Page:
Insurance Employment Is Up Across The Board

The insurance industry in all its forms can be a very rewarding sector of employment in more ways than one. Getting to help individuals and families solve their fiscal needs and attain the peace of mind that goes along with it; building relationships with those customers; and being able to help others, are all perks of the job. These benefits are not lost on industry statistics. According to Robert Hartwig of the Insurance Information Institute (I.I.I.), employment is up in basically every sector as of the latest report from the Bureau of Labor Statistics (BLS).

“Even life carrier employment, which has generally trended downward, rose,” Hartwig said.

Here’s the full breakdown from the BLS:

  • P/C carrier employment rose by 1,300, or 0.2 percent, in October 2014 vs. September 2014, directly offsetting the identical drop in September vs. August. For the 12 months ending in October 2014, P/C carrier employment rose by 12,200, or 2.3 percent, to 534,800. P/C carrier employment has generally been rising for the last 12 months and is now back to where it was in the fourth quarter of 2011.
  • Employment by life/annuity carriers rose in October 2014 vs. October 2013 (up 6,400, or 1.9 percent) to 344,200. Life/annuity carrier employment stayed in a range of 340,000 plus or minus 2,000 for all of 2013 and most of 2014, but it broke out of that corridor, on the upside, in September. In prior years it was higher–in a range of 350,000 plus or minus 2,000 for all of 2011 and the first half of 2012, when it began sinking toward the 340,000 level. Life/annuity carrier employment has not fallen for six consecutive months (and rose in five of those months), so it possible that the long downward trend is ending, although this is too small a sample to be conclusive.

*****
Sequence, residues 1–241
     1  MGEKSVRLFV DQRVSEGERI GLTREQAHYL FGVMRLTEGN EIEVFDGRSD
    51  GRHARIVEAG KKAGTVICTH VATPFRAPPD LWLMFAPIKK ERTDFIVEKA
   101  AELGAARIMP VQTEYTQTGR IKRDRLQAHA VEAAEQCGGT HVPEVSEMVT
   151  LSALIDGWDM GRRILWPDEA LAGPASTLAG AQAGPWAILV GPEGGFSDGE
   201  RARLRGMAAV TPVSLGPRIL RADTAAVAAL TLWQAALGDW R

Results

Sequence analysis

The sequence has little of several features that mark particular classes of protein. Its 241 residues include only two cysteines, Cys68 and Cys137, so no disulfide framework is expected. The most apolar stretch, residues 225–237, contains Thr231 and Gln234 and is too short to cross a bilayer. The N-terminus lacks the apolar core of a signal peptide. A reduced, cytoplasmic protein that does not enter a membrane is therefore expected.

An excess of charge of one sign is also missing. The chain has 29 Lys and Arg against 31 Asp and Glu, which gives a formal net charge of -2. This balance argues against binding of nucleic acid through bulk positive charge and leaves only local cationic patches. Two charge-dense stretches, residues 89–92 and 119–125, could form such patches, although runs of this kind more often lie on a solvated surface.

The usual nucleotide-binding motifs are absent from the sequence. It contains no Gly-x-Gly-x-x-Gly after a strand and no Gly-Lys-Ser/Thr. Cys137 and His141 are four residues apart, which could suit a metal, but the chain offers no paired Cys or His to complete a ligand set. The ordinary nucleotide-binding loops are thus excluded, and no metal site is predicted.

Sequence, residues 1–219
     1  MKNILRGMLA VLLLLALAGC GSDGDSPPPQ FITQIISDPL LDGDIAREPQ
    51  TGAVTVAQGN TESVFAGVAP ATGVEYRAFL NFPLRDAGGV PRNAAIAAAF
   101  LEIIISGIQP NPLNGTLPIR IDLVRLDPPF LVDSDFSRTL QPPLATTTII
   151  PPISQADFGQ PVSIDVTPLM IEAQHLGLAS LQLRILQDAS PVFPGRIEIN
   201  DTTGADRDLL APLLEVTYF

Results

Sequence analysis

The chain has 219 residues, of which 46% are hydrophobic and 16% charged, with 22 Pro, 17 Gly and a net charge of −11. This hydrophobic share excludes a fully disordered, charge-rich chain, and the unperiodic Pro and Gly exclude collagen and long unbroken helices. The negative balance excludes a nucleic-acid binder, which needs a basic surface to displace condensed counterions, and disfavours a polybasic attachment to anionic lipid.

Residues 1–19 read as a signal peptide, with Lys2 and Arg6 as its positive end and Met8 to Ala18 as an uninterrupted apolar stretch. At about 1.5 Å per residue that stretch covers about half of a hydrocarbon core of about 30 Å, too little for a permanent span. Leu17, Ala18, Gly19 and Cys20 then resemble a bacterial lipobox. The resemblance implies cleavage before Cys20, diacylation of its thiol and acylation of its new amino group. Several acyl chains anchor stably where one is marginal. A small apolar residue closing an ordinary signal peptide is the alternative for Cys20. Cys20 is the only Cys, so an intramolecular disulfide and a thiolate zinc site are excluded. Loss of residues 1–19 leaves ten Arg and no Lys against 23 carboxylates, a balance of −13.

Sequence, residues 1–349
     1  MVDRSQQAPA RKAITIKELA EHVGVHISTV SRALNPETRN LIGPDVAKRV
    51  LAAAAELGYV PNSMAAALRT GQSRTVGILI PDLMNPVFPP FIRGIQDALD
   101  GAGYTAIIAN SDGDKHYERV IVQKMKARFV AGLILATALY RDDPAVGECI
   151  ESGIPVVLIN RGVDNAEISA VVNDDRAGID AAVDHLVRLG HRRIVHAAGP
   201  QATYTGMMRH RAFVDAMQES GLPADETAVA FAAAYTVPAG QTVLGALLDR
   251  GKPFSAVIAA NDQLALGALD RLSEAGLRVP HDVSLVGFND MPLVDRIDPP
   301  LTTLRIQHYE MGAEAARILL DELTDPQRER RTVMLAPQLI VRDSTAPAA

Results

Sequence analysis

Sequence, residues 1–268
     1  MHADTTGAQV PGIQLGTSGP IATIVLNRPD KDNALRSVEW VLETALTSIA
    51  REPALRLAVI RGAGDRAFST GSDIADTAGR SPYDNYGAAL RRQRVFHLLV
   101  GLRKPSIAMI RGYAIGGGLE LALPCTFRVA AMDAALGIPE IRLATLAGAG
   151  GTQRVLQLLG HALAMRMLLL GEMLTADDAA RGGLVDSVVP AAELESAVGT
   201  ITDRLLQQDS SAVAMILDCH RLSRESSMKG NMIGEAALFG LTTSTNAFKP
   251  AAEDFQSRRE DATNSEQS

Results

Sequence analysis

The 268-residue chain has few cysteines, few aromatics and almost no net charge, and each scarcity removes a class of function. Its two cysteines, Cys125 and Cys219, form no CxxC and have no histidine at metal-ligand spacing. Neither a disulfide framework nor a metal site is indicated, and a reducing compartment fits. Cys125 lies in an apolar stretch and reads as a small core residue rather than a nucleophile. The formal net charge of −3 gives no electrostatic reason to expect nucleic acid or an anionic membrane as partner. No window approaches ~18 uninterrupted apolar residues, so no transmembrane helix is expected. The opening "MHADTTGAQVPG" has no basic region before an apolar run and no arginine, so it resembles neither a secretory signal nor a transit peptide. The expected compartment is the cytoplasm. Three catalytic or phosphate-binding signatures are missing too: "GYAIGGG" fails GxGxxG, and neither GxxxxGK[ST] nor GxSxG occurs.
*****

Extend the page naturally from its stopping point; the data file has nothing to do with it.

• The health carrier segment has been gaining jobs quite steadily for decades. In October 2014 vs. October 2013 it rose sharply (up 23,400, or 4.9 percent) to 501,000. At least some of this growth is undoubtedly connected with the flood of health insurance applications, purchases and claims attributable to the Affordable Care Act, and some to population growth.
  • The agent/broker segment gained 24,900 jobs in October 2014 vs. October 2013 (up 3.7 percent) to 695,200. After losing jobs in the Great Recession (from 682,100 in the first month of the recession, December 2017, to 652,900 in the first month of recovery (July 2009) and on to a trough of 640,700 in May 2010, the segment has been fairly steadily gaining jobs and has now passed the pre-recession peak of 684,500 reached in July 2007.
  • Among the smaller industry segments, reinsurance carrier employment in the U.S. rose by 100 to 27,500 in October 2014 vs. October 2013. Claims adjusting employment on a year-over-year basis for October 2014 fell by 800 to 49,600. Year-over-year employment in the category of third-party administration of insurance funds rose by 6,100 (+3.8 percent) to 167,300. This category has grown quite steadily for over two decades, though not as fast as employment at medical expense insurers. It was set back slightly by the Great Recession but has generally added jobs since then.


In Summary

While the insurance sector can certainly be financially lucrative, money can be made anywhere. Insurance remains an industry about people and relationships and doing what you can to help your clients feel protected. When you factor in the whole package, the steady rise across all subsets is understandable. What do you love most about working in this field?

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